We are fast approaching the mid-point of 2019 and the tough and uncertain times that auto manufacturers are facing has borne itself out in the sales statistics. The first four months of 2019 show a drop of 2.7 percent in overall sales figures compares to last year, not a huge dip but noteworthy, nonetheless.
Delving deeper into the details reveals big shifts in buying behaviour, thanks to changes in regulations and Brexit uncertainty, consumers are looking at options that afford them at least some semblance of futureproofing.
The big push to an all-electric future is not upon us just yet but it has already made a difference in what consumers are buying and once the EV offerings are expanded the sales charts are in for a big upheaval. While the usual suspects still dominate the sales charts, it is important to know which engine and trim options are the ones to pick.
With that in mind, we take a look at the most pertinent factors affecting consumer choices are and how that will influence the next new car you will buy.
The stringent emissions regulations regarding nitrogen oxide and particulates, particularly those produced by diesel cars has seen demand for them drop drastically. Some manufacturers like Porsche and Toyota have announced their intention to stop offering diesel-powered vehicles altogether.
Diesel sales are currently down 18.4 percent overall compared to 2018 so bear this in mind when shopping for that new car as resale values and stricter future regulations may see you out of pocket.
Market share is down from 3.2 percent in 2018 to 27.7 percent this year.
Petrol powered cars have seen a sales resurgence and the year-to-date figures are 4.2 percent up on 2018.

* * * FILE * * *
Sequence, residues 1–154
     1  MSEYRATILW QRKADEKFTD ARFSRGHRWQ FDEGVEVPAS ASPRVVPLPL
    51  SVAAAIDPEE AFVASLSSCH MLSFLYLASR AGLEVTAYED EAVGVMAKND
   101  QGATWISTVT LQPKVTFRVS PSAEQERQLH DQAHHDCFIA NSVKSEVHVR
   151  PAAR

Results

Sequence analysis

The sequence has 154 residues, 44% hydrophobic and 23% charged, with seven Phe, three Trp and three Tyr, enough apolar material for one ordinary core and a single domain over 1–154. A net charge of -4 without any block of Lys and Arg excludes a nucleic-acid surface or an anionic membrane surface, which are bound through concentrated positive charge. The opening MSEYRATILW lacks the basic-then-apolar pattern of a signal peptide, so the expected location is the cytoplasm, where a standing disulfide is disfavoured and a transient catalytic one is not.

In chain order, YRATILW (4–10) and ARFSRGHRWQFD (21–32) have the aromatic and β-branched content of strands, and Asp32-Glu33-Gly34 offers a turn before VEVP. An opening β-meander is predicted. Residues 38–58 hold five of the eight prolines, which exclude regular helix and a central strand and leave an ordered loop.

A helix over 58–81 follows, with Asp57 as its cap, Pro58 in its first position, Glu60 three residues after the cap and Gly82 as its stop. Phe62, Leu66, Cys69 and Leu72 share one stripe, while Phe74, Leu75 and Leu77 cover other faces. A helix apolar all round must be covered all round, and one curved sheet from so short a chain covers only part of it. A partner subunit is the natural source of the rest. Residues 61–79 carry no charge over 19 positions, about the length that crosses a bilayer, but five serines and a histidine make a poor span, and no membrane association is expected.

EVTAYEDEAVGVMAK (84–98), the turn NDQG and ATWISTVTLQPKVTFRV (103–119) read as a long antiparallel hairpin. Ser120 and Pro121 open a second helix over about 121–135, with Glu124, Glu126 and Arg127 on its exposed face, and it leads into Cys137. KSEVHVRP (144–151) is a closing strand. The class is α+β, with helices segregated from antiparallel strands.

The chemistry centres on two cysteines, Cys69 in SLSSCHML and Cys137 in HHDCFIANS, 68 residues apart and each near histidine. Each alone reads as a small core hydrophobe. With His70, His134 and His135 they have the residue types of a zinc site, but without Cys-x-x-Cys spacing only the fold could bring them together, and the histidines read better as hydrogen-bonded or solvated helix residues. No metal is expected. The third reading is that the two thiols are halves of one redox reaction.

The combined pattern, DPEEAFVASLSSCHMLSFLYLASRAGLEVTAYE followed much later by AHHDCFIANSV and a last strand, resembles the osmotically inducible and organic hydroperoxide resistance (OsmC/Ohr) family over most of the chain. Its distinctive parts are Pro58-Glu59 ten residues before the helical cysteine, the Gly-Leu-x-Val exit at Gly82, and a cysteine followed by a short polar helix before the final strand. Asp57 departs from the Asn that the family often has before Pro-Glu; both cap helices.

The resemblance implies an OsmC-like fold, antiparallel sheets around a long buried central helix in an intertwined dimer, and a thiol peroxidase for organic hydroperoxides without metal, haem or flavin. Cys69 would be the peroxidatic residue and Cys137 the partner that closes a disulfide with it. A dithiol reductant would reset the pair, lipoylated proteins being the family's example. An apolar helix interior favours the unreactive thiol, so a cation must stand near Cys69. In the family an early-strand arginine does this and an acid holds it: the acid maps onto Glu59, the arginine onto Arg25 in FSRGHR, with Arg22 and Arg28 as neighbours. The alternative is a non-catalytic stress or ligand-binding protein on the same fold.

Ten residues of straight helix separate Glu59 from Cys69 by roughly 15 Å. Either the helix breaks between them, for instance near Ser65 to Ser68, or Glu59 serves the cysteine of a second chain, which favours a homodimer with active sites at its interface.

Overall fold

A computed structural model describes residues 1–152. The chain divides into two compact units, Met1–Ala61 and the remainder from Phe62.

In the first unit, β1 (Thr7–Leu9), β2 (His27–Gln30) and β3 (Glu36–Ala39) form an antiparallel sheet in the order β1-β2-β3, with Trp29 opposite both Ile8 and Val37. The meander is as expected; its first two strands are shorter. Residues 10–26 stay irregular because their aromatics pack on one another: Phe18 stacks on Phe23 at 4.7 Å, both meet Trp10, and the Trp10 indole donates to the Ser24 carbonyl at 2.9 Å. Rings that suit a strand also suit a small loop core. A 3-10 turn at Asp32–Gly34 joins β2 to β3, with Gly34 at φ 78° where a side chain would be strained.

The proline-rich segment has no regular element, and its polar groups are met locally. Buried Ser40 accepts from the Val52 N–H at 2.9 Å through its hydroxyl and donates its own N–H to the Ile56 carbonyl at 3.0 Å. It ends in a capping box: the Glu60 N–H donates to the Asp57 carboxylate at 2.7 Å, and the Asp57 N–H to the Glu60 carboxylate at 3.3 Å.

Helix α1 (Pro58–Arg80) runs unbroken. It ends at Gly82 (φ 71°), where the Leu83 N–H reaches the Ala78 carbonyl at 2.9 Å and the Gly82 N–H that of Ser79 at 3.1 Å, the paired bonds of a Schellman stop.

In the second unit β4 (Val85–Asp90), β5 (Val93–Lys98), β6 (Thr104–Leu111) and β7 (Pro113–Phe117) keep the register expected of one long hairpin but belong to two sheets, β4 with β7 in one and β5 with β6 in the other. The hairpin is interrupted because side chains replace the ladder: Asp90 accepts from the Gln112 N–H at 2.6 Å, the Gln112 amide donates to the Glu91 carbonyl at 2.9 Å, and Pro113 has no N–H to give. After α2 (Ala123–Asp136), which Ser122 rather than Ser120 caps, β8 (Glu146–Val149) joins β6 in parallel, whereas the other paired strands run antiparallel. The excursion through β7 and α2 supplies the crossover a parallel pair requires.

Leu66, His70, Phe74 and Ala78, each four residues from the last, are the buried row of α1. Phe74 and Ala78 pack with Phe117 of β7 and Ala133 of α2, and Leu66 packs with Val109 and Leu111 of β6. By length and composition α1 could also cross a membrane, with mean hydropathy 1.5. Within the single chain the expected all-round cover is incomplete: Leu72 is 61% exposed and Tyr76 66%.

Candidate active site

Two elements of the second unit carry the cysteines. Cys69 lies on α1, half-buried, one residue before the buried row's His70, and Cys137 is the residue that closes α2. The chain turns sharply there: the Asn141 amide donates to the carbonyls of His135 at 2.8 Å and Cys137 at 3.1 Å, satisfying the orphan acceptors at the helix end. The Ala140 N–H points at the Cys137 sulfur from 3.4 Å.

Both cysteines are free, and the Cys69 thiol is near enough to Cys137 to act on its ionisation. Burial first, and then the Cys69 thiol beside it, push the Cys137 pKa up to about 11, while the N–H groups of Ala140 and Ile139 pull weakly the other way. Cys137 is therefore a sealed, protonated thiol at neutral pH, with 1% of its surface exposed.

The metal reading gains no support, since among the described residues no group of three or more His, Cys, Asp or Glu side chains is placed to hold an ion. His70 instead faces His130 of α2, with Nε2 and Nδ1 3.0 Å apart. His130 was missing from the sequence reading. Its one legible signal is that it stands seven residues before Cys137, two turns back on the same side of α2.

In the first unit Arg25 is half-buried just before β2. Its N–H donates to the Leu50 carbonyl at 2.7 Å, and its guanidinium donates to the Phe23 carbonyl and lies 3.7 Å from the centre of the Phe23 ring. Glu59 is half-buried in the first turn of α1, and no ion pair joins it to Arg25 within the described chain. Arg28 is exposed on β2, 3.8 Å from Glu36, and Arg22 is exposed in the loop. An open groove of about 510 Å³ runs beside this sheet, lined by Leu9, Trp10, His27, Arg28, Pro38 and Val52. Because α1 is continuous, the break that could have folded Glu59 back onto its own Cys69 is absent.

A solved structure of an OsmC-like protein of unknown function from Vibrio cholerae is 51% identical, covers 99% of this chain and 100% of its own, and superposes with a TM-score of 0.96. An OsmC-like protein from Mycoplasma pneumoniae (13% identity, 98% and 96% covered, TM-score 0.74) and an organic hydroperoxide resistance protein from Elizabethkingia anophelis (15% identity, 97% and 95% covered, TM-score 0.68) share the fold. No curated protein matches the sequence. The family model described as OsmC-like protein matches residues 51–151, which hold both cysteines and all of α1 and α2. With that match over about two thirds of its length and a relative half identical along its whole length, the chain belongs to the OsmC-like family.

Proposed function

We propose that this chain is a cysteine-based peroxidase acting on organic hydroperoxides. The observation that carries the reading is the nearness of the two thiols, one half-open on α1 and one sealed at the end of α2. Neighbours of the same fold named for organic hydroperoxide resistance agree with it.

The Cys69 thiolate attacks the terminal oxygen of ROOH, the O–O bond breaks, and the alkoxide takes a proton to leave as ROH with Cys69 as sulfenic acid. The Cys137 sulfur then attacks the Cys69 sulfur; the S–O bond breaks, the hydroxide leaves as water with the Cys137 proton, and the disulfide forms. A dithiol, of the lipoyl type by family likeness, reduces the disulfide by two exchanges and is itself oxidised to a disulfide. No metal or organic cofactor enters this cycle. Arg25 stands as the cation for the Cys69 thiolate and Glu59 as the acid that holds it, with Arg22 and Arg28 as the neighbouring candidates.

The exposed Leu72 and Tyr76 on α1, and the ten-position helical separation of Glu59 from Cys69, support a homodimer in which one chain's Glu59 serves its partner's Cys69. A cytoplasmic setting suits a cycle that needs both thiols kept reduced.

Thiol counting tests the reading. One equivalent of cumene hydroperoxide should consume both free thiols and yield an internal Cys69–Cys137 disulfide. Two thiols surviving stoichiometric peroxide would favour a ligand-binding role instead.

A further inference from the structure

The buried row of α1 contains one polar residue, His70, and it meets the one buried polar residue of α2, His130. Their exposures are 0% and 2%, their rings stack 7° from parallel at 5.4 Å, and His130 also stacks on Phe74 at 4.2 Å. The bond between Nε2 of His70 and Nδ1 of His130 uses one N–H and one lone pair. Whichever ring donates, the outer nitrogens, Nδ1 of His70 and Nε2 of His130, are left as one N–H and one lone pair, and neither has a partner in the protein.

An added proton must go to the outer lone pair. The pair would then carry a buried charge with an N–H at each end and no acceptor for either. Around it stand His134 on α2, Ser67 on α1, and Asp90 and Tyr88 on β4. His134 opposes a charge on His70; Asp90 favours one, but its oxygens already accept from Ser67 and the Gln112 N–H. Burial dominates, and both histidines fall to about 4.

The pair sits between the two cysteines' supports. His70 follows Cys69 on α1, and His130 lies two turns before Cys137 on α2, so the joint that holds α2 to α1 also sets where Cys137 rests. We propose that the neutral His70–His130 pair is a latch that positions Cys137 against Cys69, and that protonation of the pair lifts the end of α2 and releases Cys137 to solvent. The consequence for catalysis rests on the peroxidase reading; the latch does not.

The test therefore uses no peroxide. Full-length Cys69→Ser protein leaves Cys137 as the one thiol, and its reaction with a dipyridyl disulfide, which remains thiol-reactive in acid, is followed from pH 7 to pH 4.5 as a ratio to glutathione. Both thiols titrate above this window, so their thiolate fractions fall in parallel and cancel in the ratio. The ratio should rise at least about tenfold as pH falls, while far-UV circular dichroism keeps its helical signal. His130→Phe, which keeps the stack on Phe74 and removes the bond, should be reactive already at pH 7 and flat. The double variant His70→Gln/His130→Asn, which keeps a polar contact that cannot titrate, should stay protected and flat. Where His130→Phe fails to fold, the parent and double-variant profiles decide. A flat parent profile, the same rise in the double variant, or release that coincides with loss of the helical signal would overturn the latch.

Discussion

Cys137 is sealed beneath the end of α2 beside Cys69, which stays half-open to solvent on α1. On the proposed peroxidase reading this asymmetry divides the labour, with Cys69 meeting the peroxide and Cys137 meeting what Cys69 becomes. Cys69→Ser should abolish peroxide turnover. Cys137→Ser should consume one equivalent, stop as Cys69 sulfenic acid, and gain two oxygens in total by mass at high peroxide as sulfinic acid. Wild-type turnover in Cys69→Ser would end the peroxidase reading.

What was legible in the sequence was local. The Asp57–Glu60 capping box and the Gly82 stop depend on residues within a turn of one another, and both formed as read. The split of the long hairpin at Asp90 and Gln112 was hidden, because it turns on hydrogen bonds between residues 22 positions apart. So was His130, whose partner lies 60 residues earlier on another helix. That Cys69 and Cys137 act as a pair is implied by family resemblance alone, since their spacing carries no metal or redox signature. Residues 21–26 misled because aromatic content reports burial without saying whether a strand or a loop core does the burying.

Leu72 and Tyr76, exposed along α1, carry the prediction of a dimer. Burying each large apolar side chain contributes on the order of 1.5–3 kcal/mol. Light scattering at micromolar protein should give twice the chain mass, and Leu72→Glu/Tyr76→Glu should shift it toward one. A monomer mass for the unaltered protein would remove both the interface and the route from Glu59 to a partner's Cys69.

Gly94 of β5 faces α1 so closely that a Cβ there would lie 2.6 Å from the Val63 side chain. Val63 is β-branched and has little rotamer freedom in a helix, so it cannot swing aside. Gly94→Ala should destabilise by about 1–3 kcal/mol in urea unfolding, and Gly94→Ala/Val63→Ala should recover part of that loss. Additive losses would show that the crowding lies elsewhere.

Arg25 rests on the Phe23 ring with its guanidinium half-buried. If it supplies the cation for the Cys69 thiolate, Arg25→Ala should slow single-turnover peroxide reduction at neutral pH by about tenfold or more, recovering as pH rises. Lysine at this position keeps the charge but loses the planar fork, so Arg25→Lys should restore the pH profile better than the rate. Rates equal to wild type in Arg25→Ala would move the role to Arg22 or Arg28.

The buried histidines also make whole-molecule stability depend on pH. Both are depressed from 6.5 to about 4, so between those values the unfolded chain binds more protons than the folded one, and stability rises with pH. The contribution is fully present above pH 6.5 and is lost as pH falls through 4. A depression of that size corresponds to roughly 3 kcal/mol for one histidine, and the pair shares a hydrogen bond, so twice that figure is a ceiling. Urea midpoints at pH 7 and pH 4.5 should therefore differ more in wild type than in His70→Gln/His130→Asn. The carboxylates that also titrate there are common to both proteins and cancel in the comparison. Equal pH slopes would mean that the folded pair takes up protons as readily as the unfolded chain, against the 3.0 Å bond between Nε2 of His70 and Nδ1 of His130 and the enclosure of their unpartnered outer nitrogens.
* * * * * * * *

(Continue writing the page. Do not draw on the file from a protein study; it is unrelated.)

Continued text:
Changes in last year’s benefits in kind (BIK) tax are part of the reason and petrol cars currently make up approximately two-thirds of all new vehicle sales with a market share of 66.4 percent.
Alternatively Fuelled Vehicles (AFV)
This term covers fully electric, hybrid and hydrogen fuel cell vehicles and it has seen massive growth this year of 14.3 percent. Don’t let that number deceive you though, in real terms AFV’s only have five percent of the overall market, although that may change very quickly in the coming months and years.
Private Fleet and Business
While Private and Fleet sales are marginally down at 2.5 and 0.2 percent respectively compared to the first four months of 2018, Business sales have seen a massive drop of 40.2 percent.
Once again though, Business sales account for only 2.3 percent of the total vehicles sold and this figure may improve as more vehicles are registered for business use in the coming months.
Finally, the new WLTP tests which offer a more accurate ‘real-world’ consumption figure compared to the laboratory-based NEDC tests has not only caused delays in vehicle delivery but has also made it tricky to directly compare vehicle efficiencies.
The Fiesta has been a top seller since its debut over forty years ago, now in its eight-generation it is as polished and accomplished as ever.
From the bare-bones entry-level model right up to the fancy Vignale trim, there is bound to be a Fiesta to suit your needs. A mid-range Titanium trim with the impressive 1.0-litre turbocharged petrol engine is the way to go here.
The VW Golf is a perennial favourite among UK car buyers and for good reason too, it is good to drive, well-built and comes with plenty of options.
The e-Golf is a competent electric vehicle but with prices starting at £33,840 you are better off going for a petrol-powered GT trim which is far more palatable at £24,830. Stick to the 1.5-litre turbocharged petrol engines here.
The Golf-sized Ford competitor has just been redesigned and continues to offer one of the sportiest drives in its segment.